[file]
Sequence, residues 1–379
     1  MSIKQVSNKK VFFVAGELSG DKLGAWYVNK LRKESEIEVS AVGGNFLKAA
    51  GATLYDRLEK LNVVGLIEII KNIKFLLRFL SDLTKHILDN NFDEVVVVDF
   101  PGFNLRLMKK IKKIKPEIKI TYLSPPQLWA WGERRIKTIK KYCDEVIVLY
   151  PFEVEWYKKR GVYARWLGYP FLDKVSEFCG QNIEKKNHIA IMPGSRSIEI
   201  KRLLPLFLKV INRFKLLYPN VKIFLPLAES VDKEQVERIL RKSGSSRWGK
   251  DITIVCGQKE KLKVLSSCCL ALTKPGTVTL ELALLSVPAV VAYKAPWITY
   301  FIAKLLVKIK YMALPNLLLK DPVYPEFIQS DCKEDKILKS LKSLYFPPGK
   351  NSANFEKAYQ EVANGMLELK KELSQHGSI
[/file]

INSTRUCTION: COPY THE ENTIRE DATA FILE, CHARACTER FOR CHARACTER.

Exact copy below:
Sequence, residues 1–379
     1  MSIKQVSNKK VFFVAGELSG DKLGAWYVNK LRKESEIEVS AVGGNFLKAA
    51  GATLYDRLEK LNVVGLIEII KNIKFLLRFL SDLTKHILDN NFDEVVVVDF
   101  PGFNLRLMKK IKKIKPEIKI TYLSPPQLWA WGERRIKTIK KYCDEVIVLY
   151  PFEVEWYKKR GVYARWLGYP FLDKVSEFCG QNIEKKNHIA IMPGSRSIEI
   201  KRLLPLFLKV INRFKLLYPN VKIFLPLAES VDKEQVERIL RKSGSSRWGK
   251  DITIVCGQKE KLKVLSSCCL ALTKPGTVTL ELALLSVPAV VAYKAPWITY
   301  FIAKLLVKIK YMALPNLLLK DPVYPEFIQS DCKEDKILKS LKSLYFPPGK
   351  NSANFEKAYQ EVANGMLELK KELSQHGSI